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Tuesday 25 March 2014

The Adler Portable Typewriter That's a Triumph, and One Million Thanks

It may look a little different in parts, but this Adler Model 32 is in reality a Triumph Norm. It was almost certainly made in Nuremberg, not Frankfurt.
Images: Arnold Betzwieser Collection. This was NOT the first Triumph portable - the Norm succeeded the Klein-Triumph (aka Modell 1, of 1928) in 1934. The paper plate, guides, bail, knobs and levers, switches, and the segment are identical with the Adler Modell 32, but the top plate differs in the front and with its protruding rim. Nor is the Norm above the Norm 6, which was introduced in 1936 and has the more familiar sloping top plate (see below):

That seventh counter slot did magically materialise!
Zinester Nat caught a more relaxed me at the Zine Fair on Sunday.
An equally heartfelt thank you to Bill MacLaine, Natalie Tan, Rob Bowker and Gary McGill, all of whom helped guide me over the line!
The Adler Model 32 was made as a result of "close co-operation" between Adler and Triumph following the Great Depression of 1929-1930. The extent of that "co-operation" is not yet known, at least by me, but it would seem highly likely - indeed, almost certain - that the Adler frontstroke portable, and the standard of the same period, were actually made by Triumph in Nuremberg, not by Adler in Frankfurt. What is known is that Adler continued to make thrust-action typewriters (notably the Favorit portable) in Frankfurt.
Klein-Adler (1925)
Adler 30 (1930)
Adler Favorit (1935)
It is also not entirely certain when the Adler Modell 32 was first made - accepted wisdom says 1932 - and whether it came out before or after the Triumph Norm. Whatever, it is a Triumph, not Adler, design. We do know that the Triumph Norm, upon which the Adler Modell 32 is so directly based, came about as a result of a complete re-development of the 1928 Klein-Triumph (aka Modell 1):
Features of the Klein-Triumph were kept on the Norm (that is, "standard"), such as the paper plate and guides and the platen lever and knobs, but the segment, vibrator and printing point were re-designed.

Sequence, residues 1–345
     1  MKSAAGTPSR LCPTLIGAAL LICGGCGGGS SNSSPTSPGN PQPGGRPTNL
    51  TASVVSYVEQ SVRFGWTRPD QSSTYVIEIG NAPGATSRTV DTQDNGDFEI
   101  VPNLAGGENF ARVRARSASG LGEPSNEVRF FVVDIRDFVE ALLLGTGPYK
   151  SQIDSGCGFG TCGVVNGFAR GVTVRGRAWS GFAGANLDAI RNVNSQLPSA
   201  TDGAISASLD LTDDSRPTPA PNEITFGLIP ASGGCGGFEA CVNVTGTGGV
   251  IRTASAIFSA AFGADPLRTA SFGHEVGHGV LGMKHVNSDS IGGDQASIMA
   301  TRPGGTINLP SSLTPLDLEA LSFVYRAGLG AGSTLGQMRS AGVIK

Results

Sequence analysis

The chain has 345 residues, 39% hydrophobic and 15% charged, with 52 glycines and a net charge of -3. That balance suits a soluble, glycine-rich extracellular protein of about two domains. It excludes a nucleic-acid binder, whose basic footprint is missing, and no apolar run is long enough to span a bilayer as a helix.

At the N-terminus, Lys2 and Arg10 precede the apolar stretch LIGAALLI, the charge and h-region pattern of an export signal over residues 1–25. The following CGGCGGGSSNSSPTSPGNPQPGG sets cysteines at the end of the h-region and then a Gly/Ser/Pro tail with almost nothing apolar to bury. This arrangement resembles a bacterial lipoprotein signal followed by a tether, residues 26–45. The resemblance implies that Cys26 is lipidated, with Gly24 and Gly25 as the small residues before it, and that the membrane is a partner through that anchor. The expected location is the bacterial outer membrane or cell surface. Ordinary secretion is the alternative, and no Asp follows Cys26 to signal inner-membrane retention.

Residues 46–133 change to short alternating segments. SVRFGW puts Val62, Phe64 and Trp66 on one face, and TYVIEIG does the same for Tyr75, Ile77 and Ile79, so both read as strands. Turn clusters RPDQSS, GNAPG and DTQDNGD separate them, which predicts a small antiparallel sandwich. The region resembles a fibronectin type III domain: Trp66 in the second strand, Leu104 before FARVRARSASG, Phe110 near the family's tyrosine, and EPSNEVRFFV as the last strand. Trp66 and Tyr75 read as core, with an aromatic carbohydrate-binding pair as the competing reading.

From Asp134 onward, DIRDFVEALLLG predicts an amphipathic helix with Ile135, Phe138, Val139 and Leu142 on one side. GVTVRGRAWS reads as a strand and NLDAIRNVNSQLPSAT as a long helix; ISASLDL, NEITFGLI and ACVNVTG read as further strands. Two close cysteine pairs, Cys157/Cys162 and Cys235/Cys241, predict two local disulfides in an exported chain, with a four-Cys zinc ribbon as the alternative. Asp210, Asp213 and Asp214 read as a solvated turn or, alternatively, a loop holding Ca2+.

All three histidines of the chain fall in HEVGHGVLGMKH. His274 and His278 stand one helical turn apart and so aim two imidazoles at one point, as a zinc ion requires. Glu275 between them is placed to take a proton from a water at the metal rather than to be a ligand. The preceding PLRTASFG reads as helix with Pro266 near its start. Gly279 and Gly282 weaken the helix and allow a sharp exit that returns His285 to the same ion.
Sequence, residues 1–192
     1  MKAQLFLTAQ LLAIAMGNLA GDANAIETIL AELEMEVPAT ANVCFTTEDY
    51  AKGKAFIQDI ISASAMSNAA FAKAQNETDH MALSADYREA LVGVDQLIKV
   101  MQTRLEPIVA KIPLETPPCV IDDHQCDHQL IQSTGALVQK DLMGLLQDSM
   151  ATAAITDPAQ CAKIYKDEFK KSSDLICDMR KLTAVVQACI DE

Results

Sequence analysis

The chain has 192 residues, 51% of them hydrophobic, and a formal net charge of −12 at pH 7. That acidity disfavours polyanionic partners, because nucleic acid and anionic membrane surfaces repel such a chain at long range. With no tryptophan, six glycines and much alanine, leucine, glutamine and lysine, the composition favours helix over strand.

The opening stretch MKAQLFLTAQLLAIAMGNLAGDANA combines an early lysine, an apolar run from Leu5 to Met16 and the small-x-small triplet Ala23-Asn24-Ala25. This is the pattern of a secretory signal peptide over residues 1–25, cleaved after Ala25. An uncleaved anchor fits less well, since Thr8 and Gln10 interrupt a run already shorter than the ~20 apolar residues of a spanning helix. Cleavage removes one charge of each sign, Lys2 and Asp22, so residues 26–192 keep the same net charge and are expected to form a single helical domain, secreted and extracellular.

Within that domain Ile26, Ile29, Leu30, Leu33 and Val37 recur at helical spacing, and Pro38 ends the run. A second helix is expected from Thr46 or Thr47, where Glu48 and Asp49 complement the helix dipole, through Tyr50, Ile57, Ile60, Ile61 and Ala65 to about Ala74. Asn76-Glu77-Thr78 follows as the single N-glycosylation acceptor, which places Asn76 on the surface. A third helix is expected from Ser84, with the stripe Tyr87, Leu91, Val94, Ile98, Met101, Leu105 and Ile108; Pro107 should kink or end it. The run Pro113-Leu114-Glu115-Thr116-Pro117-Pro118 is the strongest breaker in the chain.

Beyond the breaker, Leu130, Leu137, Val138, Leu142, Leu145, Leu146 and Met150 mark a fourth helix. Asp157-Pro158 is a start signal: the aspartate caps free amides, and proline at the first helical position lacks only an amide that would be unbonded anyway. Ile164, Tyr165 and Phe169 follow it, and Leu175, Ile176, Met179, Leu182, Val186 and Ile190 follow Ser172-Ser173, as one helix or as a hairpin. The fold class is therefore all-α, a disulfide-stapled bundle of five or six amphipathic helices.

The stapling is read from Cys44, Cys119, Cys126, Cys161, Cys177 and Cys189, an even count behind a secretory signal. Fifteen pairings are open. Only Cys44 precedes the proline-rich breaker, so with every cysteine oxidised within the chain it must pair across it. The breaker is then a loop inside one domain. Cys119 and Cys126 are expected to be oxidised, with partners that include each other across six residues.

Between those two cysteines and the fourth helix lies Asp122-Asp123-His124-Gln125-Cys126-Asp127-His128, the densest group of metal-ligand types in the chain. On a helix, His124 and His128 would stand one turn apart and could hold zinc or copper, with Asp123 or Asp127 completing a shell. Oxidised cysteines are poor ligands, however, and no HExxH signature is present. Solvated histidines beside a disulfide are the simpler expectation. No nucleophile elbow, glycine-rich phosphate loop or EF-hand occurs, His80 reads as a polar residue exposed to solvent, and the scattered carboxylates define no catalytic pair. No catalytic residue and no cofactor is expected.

The thinking appears to have been that both Adler and Triumph needed to introduce design changes in order to recapture market share. There is no doubt Adler had been very badly hit by the Depression. From more than 22,600 ordered typewriters in 1929, Adler sales fell to below 6000 in 1932. The Adlers 31 and 32 clearly indicate the Frankfurt company had decided it needed to venture into the frontstroke market, while continuing to rely heavily on its thrust-action machines. Meanwhile, in Nuremberg, Triumph had suffered similar financial setbacks. It was not until 1935-36 that Triumph was able to rebuild its workforce back to the pre-Depression levels of 1700. 

Arnold Betzwieser's Norm
In Frankfurt, Adler had sought "economic solutions" and "rationalisation opportunities" from the very onset of the Depression.  When it struck a "co-operation" deal with Triumph, one almost immediate upshot was the Adler 31 standard of 1931, which was "nothing but a Triumph 10".
1931 Adler 31
Spot the difference: 1930 Triumph 10, Alan Seaver Collection.
Twenty-seven years after Triumph and Adler had reached their Depression-beating "co-operation" arrangement, the close relationship between the two typewriter makers came back to haunt them. At the end of 1957, F├╝rth-based radio and television set manufacturer Max Grundig  purchased Triumph share capital and the Nuremberg factories and used that company to buy a cross-shareholding in Adler’s Frankfurt plants. The two companies officially became one, soon to be owned by Litton Industries.


Bill M said...

Great information on the Adler. One could say the Adler rises in Triumph. Seems like the quality of the German machines started to go down starting with Grunding and fell completely apart with Litton. Similarly with American machines. Big corproations seem to have a way with ruining good products.

Anonymous said...

More great typewriters to wish for! Nice post. :)

Richard P said...

I'm glad you wrote about the Adler 32. I got one of these not too long ago but haven't written about it added it to my list online. Nice typewriter. I was a bit surprised to find that the top plate is plastic.

shordzi said...

On the Adler, Triumph business, we need to discuss this a bit further.

Rob Bowker said...

Well done Robert on the million. The car's gone round the clock, so don't be surprised if thing start dropping off! I'd have said that Adlers of that era would be sliders not swingers and you have unraveled that one now. Back to 1970's RaRo catalogue - no peace for the wicked.

Don Lampert said...

Happy one million - for us all who benefit so, and you who gets to retrench, and rethink!
Whether they're Adlers, or Truimphs, they are beauties. Some day I hope I'll have one, too.
Do you know any history, or juicy stories about the Adler Universals (1950's onward)? Thanks to advise from Rob Bowker, Richard P, Mark Petersen, and our "celebrity" repairman Bill Wahl, I've just gotten mine operating after a year of attempted repairs. What a great caring, sharing, community we have!
So, Mr "One Million" slow down but don't go away!!

Steve Snow said...

10:37pm the day before! Wow! A fitting typewriter for the occasion. What a beauty.

Dwayne F. said...

I've yet to meet an Adler or Triumph that I didn't love. These are wonderful machines and your collection is gorgeous!

Congratulations on reaching the million mark!

Walter said...

Currently bidding on an Adler J5, wanted to know more about the Adler brand. As always, you were my first stop - the great and powerful Oz. ~Tom~